The eight core sectors of the economy saw a slight bump in its growth path in July, rising 6.6 per cent, down from an updated 7.6 per cent in June. Contributing 40 per cent to the total industrial production, output of the core sectors saw lower growth across five sectors as compared to June.
Data by the commerce and industry ministry on Friday showed the eight segments — coal, crude oil, natural gas, refinery products, fertiliser, steel, cement and electricity — cumulatively grew 5.8 per cent in the first four months (April-July) of the financial year. This was more than double the 2.6 per cent growth in the corresponding period of FY18.
“Crude oil and natural gas displayed a contraction; cement, refinery products and coal recorded healthy expansion in July. The pick-up in steel sector growth to an eight-month high in July is also encouraging,” said Aditi Nayar, principal economist at rating agency Icra.
The headline figures suggest an impending moderation in the Index of Industrial Production (IIP) numbers for July, economists believe. “An easing in growth of core sector output and automobile production, as well as an unfavourable base effect, point towards this,” Nayar added.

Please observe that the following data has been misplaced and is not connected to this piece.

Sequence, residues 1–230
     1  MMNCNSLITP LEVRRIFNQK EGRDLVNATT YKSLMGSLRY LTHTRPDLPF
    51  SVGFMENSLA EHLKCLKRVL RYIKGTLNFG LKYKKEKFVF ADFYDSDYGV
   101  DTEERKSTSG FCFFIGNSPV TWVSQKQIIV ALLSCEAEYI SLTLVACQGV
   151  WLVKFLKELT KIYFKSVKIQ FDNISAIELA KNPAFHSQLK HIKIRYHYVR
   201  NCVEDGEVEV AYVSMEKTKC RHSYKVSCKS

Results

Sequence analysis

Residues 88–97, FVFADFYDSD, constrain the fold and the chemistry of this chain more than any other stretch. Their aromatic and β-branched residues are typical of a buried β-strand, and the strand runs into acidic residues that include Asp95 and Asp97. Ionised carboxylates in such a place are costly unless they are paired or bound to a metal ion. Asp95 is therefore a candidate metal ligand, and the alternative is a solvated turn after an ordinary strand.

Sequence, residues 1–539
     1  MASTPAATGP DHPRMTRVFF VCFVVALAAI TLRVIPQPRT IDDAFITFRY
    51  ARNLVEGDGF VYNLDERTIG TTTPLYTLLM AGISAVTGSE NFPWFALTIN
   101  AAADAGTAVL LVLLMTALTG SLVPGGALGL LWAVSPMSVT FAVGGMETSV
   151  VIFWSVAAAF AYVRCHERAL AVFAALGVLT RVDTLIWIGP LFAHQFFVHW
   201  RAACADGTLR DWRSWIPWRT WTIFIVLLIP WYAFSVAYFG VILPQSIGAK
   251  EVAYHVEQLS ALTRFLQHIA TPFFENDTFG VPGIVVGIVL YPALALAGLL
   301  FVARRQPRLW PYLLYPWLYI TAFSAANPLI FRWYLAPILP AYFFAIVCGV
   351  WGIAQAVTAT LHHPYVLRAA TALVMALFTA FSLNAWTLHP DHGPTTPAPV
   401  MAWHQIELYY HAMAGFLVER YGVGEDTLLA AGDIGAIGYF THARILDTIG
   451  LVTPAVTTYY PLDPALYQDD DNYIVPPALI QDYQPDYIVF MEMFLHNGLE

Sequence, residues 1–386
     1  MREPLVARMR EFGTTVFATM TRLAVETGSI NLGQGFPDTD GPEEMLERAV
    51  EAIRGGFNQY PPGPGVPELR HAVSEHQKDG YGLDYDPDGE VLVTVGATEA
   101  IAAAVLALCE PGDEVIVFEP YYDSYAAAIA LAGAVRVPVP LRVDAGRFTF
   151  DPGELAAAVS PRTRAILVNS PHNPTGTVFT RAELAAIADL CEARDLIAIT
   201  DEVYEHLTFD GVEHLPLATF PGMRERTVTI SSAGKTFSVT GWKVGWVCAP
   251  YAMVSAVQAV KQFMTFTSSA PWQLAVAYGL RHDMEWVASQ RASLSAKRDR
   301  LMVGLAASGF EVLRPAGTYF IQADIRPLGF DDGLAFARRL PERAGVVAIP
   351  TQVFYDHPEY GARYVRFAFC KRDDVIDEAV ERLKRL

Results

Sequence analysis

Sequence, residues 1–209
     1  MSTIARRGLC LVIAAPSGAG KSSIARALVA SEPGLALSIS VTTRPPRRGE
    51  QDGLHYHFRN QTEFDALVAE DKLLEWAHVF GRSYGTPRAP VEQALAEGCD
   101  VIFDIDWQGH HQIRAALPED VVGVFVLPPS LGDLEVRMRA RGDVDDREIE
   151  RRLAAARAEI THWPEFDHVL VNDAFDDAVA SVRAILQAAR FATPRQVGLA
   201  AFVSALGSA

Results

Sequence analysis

Cement production was upstaged by growth in refinery products, which was the biggest growth puller in June, rising 12.3 per cent. Refinery items built on the 12.1 per cent growth in the previous month, progressively rising in the current financial year.
On the other hand, growth in cement production continued to swing. The sector saw growth reduce to 10.8 per cent in July, from a 13.2 per cent rise in June. The Centre’s focus on infrastructure building has led to cement production maintaining double-digit growth for the past nine months, despite wild swings. “Higher infra activity, mainly from the government, will be the main driver of cement production, coupled with some modicum of restocking after GST implementation,” said Madan Sabnavis, Chief Economist at CARE Ratings.
On the energy side, coal production maintained growth, despite the rate of rise falling for the third straight month. Production expanded by 9.7 per cent in July, down from the 11.8 per cent rise in the previous month. As a result, electricity generation also took a hit, halving to 4.8 per cent in July, down from the 8.4 per cent rise in June.
Other broad fuel components continued to do badly. Crude oil output contracted for the eighth straight month, going down 5.4 per cent, compared to 3.4 per cent in June. The same trend was true for natural gas production, which contracted for the third straight month, with output remaining a negative 5.2 per cent.
Elsewhere, fertiliser production rose 1.3 per cent, improving on the 1 per cent rise in June. Growth in steel production rose to 6 per cent from the 3.4 per cent in June.
Core sector growth is set to continue for the rest of the financial year. The country’s industrial output jumped seven per cent in June to a five-month high, due to a boost in manufacturing growth as well as an uptick in capital goods production. The sensitive capital goods segment, which connotes investments, saw output rise 9.6 per cent. This was a departure from the declining pace of growth in capital goods production.